Each year, Franklin Templeton Investments asks 1000 investors whether the S&P went up or down in the previous year. We live in the age of CNBC and Yahoo! Finance and iPhone apps; where no one lacks the data to know a simple statistic like whether the market went up or down. Yet year after year, the survey shows that swarms of investors are utterly clueless.
- In 2010, 66% of investors said the S&P 500 fell in 2009. Yet it was actually up 26.5%
- In 2011, about half of the investors said the market fell in 2010. Yet it was actually up 15%
- In 2012, 53% of investors said the market fell in 2011. Yet it was up 2%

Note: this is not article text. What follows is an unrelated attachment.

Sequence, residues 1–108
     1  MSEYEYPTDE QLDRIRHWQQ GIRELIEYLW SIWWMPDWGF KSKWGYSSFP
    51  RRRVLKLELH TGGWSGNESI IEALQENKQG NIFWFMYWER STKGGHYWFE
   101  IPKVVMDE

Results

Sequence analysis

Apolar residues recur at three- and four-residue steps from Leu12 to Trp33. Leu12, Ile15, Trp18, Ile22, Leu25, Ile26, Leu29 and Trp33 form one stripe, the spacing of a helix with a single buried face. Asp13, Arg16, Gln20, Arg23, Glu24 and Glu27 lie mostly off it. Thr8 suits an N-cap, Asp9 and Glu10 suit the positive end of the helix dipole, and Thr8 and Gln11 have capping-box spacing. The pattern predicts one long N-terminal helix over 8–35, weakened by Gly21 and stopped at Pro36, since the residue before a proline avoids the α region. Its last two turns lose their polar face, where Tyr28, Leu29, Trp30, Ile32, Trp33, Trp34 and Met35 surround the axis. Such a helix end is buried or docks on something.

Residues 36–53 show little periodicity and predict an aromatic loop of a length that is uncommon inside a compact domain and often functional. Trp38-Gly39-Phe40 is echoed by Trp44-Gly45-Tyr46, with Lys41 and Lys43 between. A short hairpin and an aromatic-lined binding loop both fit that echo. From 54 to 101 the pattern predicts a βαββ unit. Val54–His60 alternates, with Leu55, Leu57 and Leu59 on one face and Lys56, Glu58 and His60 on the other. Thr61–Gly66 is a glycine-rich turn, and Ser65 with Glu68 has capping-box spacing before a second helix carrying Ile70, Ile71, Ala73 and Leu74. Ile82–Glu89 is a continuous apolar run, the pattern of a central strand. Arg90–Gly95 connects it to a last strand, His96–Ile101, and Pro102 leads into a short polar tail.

- Just recently, 31% of the investors said the market fell last year. Yet it was up 16%.
Mind –boggling, isn’t it? The problem is that people associate the economy with market returns imagining market performance is related to their own economic confidence or linked to their own desire to invest.
The bottom line is that the current economy does not reflect what “Mr. Market” is doing. The market is forward looking and investors base their opinions using a rear view mirror.